The Long-ish Story (a short, formal bio is below)
Though writing was an early passion, I always joked that, “I will write when I’m old!” because I fell in love, first and forever, with dance. After sweating, starving, moving to New York City and dancing professionally for seven years, I turned to theater where I spent a few more years auditioning, performing in unpaid showcases, and working temporary jobs in corporate offices. Often bored to death but trying to look busy, I started typing letters to friends. Really long, paper-and-envelope letters. When I ran out of friends I hadn’t written to in a while, I started writing poems and short stories. One story just kept getting longer and longer until I realized I was writing a novel.
The journey to complete The Thrall’s Tale, my first published novel, began in the early 1990s, when I happened upon three full-sized replicas of Viking ships moored in New York Harbor. Years of research followed, including a voyage on an ice-class research vessel from Iceland to Greenland, retracing the path of Erik the Red and the first Norse settlers. Appropriately enough, Viking published The Thrall’s Tale in 2006 and Plume brought it out in paperback the following year. It was a critical success with praise from Pulitzer Prize winners Geraldine Brooks and Robert Olen Butler. Thrall was a Booksense (IndieBound) Pick, a Borders Original Voices Selection, and received some very nice reviews and attention from readers worldwide.
After Thrall, I ventured even farther back into history—or beyond it, into the realm of archaeology. Akmaral was inspired by several discoveries in Central Asia, including the Ice Maiden on the Ukok Plateau, called the “Pasture of Heaven” by the people of the Altai Mountains of southern Siberia, and the “Gold Man” of Issyk, a warrior burial that researchers believe might actually be a woman. These elaborate burials fascinated me. But the idea for the book came from watching my then-toddler son pretending to battle invisible enemies in our backyard. As I wrestled with his seemingly innate violence (He’s a perfectly charming young gentleman, now that he’s grown.), I questioned what I would fight and die for. I didn’t have to look farther than the boy who’d just fallen off of his stick-horse into the grass. From this recognition grew Akmaral, my nomad woman warrior who would sacrifice all to defend her people.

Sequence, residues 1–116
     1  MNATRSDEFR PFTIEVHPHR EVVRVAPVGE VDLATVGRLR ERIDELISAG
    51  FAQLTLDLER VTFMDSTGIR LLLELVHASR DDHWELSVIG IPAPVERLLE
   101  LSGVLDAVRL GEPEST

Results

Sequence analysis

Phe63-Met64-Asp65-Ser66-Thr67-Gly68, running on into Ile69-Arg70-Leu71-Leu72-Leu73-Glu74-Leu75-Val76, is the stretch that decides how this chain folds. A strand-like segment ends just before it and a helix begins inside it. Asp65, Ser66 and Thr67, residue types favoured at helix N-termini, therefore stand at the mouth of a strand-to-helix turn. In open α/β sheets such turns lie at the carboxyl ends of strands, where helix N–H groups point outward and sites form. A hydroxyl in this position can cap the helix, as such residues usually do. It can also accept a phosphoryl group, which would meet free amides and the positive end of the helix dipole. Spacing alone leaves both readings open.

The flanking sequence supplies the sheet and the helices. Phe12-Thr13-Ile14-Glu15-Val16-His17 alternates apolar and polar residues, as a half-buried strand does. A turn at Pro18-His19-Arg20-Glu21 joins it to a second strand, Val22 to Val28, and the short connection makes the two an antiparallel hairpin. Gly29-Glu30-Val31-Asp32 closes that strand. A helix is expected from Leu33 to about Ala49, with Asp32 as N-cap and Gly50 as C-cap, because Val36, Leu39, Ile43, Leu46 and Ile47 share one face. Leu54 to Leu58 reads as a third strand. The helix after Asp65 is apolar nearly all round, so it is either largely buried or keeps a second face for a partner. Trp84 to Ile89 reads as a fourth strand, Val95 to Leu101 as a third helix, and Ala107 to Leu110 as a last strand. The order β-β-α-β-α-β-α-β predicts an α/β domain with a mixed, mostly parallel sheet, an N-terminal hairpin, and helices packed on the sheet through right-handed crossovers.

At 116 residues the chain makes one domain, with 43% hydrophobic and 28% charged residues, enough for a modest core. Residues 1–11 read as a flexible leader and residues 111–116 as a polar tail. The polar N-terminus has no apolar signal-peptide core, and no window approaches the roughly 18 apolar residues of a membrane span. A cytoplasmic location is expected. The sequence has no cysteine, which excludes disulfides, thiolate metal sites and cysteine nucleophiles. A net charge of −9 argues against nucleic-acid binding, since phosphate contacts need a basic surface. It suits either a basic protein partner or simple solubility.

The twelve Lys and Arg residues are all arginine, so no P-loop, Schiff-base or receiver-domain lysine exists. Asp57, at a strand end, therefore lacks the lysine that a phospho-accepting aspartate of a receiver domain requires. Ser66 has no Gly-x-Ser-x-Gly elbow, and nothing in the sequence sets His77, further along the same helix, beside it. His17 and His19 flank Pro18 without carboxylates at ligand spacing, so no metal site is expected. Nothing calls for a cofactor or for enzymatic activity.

I’ve published essays, reviews, short fiction and poetry in publications ranging from Archaeology Magazine to Tiferet to Edible Jersey. I contributed a chapter to UP HERE: The North at the Center of the World (University of Washington Press) with my name sandwiched impressively between Karl Ove Knausgärd and Barry Lopez. I am also a photographer, with several exhibitions in New York City and a handful of other galleries, though these days my images mostly end up on my Instagram feed. I contributed to the Smithsonian Institution’s exhibition Vikings: The Norse Atlantic Saga and was an expert commentator on the History Channel’s documentary series MANKIND: The Story of All of Us. (That continues to be fun, especially when one of my young students comes up to me and says, “I saw you on TV in my Social Studies class!”)
These days, I teach a ton, write nearly every day, and am the proud mother of two intelligent, talented young men. I live with my husband of over 30 years in suburban New Jersey where the New York City skyline is a visual stone’s throw from the forest where I walk, think and talk to myself—in character—most mornings.
Here’s my short, more formal bio:
Judith Lindbergh’s new novel, Akmaral, about a nomad woman warrior on the Central Asian steppes in the 5th c. BCE, is forthcoming from Regal House Publishing in spring 2024. Her debut novel, The Thrall’s Tale, about three women in the first Viking Age settlement in Greenland, was a Booksense (IndieBound) Pick, a Borders Original Voices Selection and praised by Pulitzer Prize winners Geraldine Brooks and Robert Olen Butler. Her work has appeared in numerous publications including in Zibby Magazine, Next Avenue, Writer’s Digest, Edible Jersey, Literary Mama, Archaeology Magazine, Other Voices, and UP HERE: The North at the Center of the World published by University of Washington Press. She also contributed to the Smithsonian Institution’s exhibition Vikings: The Norse Atlantic Saga and was an expert commentator on the History Channel’s documentary series MANKIND: The Story of All of Us. Judith is the Founder/Director of The Writers Circle, a New Jersey-based creative writing center providing workshops and events in person and online. She regularly teaches creative writing to students from ages 8-80.